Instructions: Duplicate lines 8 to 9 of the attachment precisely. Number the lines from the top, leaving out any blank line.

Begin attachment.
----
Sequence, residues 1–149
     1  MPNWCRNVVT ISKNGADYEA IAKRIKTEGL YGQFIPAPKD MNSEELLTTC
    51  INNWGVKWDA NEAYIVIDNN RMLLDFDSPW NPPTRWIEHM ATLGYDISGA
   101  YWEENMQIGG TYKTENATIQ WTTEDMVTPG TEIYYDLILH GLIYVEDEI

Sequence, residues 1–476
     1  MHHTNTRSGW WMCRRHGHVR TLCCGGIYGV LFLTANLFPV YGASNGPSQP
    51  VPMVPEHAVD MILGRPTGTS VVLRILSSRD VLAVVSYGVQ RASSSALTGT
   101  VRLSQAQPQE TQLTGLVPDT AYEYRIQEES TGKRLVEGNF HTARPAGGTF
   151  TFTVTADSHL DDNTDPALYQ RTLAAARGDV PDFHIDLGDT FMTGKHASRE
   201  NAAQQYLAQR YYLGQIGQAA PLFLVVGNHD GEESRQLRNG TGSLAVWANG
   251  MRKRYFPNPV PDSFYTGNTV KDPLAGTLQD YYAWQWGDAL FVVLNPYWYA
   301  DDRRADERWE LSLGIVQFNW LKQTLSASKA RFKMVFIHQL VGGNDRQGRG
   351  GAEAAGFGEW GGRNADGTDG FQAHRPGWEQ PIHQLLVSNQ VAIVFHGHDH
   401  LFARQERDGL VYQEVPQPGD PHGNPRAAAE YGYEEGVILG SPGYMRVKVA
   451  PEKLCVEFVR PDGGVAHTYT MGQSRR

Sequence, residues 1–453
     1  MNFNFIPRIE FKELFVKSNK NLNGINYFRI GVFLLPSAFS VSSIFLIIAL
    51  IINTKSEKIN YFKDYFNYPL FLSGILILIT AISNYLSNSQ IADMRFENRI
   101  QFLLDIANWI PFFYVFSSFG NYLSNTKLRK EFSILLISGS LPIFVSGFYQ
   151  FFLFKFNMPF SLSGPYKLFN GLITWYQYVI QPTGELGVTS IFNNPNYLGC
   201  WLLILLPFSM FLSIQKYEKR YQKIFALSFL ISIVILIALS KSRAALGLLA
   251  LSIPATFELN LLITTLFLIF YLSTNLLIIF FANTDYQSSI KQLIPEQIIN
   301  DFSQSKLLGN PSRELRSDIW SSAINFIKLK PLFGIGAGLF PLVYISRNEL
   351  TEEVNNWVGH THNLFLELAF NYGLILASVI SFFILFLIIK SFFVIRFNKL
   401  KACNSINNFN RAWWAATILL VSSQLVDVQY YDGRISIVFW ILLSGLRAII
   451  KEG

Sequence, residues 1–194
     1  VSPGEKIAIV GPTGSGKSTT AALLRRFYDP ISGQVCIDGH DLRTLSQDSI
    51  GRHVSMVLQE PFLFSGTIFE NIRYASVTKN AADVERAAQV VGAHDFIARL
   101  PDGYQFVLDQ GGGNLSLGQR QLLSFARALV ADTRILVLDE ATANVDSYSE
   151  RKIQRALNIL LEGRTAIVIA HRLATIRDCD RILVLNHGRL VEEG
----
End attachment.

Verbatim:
   101  VRLSQAQPQE TQLTGLVPDT AYEYRIQEES TGKRLVEGNF HTARPAGGTF
   151  TFTVTADSHL DDNTDPALYQ RTLAAARGDV PDFHIDLGDT FMTGKHASRE